Joburg Fringe. Picture: Supplied

The Joburg Fringe was born during a conversation on the way to the first Joburg Art Fair a decade ago. 

Claudia Schneider, a Berlin-based South African, asked artist and writer Sharlene Khan where the fringe was located and on discovering there wasn’t an alternative platform outside this fair, the duo felt compelled to set one up. 

The thinking was probably that any art fair ought to have a shadow event that could cater for those working outside the mainstream or who were excluded from it. 

The Joburg Fringe is not about pushing an anti-Joburg Art Fair agenda or challenging it, it is simply more artist-centric. It offers a space for artists to set up and run their own stands, choose which works they would like to submit for the event, make the sales and pocket the entire selling price. 

It’s also a place to test and learn about the art market. 

“The (Joburg) Fringe is all balls and no frills: a clear and basic learning curve for artists, visitors and buyers, for art professionals, instructors and critics,” says Schneider, director of the Joburg Fringe.

There is no way of bypassing art fairs. In the absence of a museum-viewing culture and sufficient funding to public institutions in which to stage, preserve and collect contemporary art, art fairs have become the main platforms for the public to view, buy and engage with art.  

For an unsigned artist this is challenging: if they are not aligned to a gallery they end up being left out of broader dialogues about art. 

They aren’t known to the public or  travelling curators, writers who would rather get a sense of what’s going in a country in a one-stop-shop setup than visit galleries one by one. 

Joburg Fringe. Picture: Supplied

As the Joburg Fringe takes place at the same time as the FNB Joburg Art Fair, it exploits the foreign and local audiences that gravitate towards Joburg in early September. With no barrier to entry, such as a hefty ticket price, it also attracts new audiences who might not be open to attending the main fair. 

As there is no middle-man in the transactions, the art tends to be cheaper than what you would find at an art fair and is more accessible for younger, risk-averse, cash-strapped or new art collectors.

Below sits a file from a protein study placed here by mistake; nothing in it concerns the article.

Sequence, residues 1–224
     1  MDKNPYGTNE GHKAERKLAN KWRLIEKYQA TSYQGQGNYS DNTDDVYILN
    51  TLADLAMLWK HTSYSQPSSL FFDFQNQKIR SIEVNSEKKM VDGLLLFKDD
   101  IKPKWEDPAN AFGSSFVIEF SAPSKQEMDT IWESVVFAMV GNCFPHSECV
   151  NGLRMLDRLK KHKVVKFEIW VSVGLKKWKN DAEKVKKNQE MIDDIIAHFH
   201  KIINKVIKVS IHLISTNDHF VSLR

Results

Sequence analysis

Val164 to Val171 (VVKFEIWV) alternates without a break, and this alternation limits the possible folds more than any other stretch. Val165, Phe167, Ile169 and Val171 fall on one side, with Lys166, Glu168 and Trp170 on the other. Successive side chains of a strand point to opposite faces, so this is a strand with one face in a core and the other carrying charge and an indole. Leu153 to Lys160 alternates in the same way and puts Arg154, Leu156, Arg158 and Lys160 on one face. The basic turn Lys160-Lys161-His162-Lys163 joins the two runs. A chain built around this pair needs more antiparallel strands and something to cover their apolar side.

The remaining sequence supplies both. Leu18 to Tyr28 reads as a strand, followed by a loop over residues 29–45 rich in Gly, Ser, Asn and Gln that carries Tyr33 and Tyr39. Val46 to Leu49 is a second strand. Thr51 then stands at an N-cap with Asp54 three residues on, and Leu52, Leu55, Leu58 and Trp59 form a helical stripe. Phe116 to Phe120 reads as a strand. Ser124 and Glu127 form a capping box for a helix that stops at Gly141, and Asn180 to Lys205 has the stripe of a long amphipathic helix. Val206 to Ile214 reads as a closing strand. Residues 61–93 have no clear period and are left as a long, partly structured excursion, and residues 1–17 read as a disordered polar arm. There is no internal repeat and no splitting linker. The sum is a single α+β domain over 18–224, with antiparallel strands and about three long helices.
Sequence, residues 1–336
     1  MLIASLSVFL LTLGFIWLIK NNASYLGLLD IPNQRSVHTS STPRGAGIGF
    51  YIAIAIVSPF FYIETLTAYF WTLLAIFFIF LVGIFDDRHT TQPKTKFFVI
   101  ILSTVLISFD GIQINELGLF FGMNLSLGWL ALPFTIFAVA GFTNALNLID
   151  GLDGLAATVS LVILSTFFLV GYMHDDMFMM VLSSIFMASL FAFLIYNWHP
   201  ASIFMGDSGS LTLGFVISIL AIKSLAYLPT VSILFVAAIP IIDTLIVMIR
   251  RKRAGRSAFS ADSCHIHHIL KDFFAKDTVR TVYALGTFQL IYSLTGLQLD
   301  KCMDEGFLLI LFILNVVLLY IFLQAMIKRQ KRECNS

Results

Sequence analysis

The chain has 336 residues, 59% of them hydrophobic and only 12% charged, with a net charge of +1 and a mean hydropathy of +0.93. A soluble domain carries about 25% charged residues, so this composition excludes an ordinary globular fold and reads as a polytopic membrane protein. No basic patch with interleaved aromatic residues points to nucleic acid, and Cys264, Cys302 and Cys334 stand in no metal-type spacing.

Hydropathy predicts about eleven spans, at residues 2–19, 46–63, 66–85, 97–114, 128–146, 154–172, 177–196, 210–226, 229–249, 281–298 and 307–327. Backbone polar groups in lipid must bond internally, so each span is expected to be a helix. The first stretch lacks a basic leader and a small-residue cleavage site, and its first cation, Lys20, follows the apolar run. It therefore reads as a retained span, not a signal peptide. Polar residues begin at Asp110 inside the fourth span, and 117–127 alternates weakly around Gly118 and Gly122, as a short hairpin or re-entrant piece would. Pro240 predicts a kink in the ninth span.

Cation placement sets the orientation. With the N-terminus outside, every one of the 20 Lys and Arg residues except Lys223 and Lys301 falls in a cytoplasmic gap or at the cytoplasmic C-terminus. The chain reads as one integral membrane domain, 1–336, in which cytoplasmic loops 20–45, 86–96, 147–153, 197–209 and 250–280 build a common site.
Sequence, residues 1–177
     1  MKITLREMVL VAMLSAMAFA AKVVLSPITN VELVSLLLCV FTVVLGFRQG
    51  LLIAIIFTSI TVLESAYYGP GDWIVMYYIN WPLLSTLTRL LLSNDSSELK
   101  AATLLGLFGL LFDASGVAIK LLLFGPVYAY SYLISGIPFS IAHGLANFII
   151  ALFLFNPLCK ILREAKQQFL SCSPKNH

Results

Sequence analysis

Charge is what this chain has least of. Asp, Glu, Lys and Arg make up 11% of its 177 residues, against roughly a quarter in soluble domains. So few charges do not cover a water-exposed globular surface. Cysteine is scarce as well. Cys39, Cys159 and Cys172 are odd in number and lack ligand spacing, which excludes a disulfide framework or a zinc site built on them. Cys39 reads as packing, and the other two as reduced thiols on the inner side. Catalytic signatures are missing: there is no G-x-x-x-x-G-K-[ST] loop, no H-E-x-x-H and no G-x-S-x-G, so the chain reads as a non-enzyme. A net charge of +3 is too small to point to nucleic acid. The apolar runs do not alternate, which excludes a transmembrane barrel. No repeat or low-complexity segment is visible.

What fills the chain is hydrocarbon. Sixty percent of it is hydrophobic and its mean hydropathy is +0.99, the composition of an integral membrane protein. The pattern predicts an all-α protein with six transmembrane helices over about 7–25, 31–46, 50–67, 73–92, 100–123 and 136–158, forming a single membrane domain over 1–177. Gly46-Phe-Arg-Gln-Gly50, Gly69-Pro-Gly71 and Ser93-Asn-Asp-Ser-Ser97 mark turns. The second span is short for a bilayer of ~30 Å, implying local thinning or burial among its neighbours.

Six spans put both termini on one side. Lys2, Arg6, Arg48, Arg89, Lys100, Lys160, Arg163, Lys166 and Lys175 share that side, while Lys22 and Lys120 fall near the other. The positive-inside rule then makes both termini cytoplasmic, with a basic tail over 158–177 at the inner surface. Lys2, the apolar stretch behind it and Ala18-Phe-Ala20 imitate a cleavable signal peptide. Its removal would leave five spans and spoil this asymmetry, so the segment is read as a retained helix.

The work at Joburg Fringe is not always edgier than at the fair, but it is almost always set in an edgier art-centric setting. It has been set in all of Jozi’s popular art nodes, from Braamfontein to Maboneng’s Art on Main. This year it will take place in the city’s newest art development, Victoria Yards in Lorentzville. 

Fringe usually translates into a free-for-all in the sense that anyone can participate, but Joburg Fringe have established a few filtering processes that maintain standards. The jury of experts forms one of the main ones. The likes of Gordon Froud, Malcolm Payne, Marilyn Martin, Miriam Asmal and Thulile Gamedze vetted the art last year. 

A number of guest curators are also invited to shape and select works for curated stands such as the Young Capital, which invites a rising curator to present a selection of works produced by peers. 

This year Mbali Tshabalala will steer this platform. This one-time assistant to Wayne Barker, is also working on an exhibition of Pan African art at August House end of the month.  

“Young Capital is our space on the Joburg Fringe to show work that we feel is exciting, promising and strong, our space to give these artists an opportunity to benefit from an all-round experience of meeting other artists, chatting to the public and getting some nurturing – it is our way of spreading the love,” says Schneider.   

Joburg Fringe is inviting artists to apply to participate in this years event, which takes place from September 6.  The cost is R6 500 per stand. 

* Artists can share stands, performance artists can participate for a fee of R400. 

The organisers will help artists curate and price their work. Artists must submit up to 10 images, a statement about their art or project and a short biography by Thursday. Submissions are free. See